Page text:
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In a series of papers posted online in recent weeks, mathematicians have solved a problem about the pattern-matching card game Set that predates the game itself. The solution, whose simplicity has stunned mathematicians, is already leading to advances in other combinatorics problems.
Invented in 1974, Set has a simple goal: to find special triples called “sets” within a deck of 81 cards. Each card displays a different design with four attributes — color (which can be red, purple or green), shape (oval, diamond or squiggle), shading (solid, striped or outlined) and number (one, two or three copies of the shape). In typical play, 12 cards are placed face-up and the players search for a set: three cards whose designs, for each attribute, are either all the same or all different.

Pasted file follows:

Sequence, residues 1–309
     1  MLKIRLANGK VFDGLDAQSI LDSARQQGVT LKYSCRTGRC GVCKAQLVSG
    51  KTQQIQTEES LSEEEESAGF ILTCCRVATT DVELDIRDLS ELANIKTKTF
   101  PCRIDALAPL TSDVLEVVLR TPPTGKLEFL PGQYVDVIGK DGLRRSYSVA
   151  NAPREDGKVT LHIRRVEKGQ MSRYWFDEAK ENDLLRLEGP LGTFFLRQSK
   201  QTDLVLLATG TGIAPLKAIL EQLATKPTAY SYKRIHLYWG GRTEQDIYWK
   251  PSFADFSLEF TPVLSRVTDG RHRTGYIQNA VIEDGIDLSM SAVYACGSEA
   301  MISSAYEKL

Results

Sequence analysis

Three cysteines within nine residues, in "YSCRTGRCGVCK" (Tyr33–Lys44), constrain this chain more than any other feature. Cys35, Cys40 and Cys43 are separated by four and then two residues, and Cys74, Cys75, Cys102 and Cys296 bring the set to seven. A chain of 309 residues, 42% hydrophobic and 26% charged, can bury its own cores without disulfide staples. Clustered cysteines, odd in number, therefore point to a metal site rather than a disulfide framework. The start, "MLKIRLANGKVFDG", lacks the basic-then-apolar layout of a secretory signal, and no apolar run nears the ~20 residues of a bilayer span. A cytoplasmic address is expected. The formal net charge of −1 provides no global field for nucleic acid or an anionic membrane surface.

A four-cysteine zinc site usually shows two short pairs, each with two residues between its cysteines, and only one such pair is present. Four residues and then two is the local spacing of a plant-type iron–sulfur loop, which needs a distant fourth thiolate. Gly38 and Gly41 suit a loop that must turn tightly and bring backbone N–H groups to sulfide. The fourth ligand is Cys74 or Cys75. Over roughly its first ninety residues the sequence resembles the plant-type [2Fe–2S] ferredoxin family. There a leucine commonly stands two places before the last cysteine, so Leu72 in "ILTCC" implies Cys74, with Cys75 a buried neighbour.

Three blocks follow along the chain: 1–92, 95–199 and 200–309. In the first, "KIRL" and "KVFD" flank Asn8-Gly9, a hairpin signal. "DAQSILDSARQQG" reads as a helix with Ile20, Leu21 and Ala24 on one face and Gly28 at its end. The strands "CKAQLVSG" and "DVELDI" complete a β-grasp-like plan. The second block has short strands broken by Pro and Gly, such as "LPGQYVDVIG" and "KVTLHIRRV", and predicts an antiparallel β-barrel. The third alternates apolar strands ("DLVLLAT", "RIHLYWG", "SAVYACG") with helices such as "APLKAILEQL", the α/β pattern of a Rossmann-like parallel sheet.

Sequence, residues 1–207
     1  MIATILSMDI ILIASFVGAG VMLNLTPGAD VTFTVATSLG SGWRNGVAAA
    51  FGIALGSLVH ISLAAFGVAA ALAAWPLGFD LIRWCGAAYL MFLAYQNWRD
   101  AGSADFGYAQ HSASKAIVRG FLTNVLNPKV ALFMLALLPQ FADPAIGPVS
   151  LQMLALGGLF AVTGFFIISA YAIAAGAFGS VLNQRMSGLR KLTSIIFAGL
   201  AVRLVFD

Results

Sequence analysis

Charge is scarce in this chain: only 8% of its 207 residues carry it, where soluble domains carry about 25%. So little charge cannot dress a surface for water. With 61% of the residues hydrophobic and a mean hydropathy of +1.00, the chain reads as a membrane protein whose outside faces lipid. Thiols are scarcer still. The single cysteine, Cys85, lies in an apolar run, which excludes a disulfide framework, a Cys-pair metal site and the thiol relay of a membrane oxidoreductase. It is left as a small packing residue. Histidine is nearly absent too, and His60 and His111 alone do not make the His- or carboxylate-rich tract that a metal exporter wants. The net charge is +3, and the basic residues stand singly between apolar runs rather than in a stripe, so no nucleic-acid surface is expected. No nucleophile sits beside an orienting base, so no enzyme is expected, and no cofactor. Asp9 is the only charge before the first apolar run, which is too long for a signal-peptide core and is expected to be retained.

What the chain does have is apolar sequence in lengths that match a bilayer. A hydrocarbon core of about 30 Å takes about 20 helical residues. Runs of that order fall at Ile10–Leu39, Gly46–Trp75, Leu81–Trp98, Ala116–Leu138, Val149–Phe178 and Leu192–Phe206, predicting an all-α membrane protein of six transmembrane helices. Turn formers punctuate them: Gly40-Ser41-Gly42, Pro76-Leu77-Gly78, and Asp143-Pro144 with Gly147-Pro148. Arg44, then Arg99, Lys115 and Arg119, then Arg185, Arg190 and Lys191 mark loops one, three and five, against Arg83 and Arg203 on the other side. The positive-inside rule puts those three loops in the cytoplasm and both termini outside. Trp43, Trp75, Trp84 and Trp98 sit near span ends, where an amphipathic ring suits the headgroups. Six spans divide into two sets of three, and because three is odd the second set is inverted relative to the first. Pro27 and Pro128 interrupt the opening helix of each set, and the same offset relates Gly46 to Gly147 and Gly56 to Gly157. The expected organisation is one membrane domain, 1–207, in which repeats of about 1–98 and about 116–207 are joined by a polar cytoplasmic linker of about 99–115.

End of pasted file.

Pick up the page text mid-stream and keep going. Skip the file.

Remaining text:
Occasionally, there’s no set to be found among the 12 cards, so the players add three more cards. Even less frequently, there’s still no set to be found among the 15 cards. How big, one might wonder, is the largest collection of cards that contains no set?
Source [url=https://www.quantamagazine.org/20160531-set-proof-stuns-mathematicians/]https://www.quantamagazine.org/20160531-set-proof-stuns-mathematicians/[/ url]
The fact that the cap set problem finally yielded to such a simple technique is humbling, Ellenberg said. “It makes you wonder what else is actually easy.”
originally posted by: GBP/JPY
like with the game rummycub....once 5/8 of the tiles are out on the board....I can always run the table completely....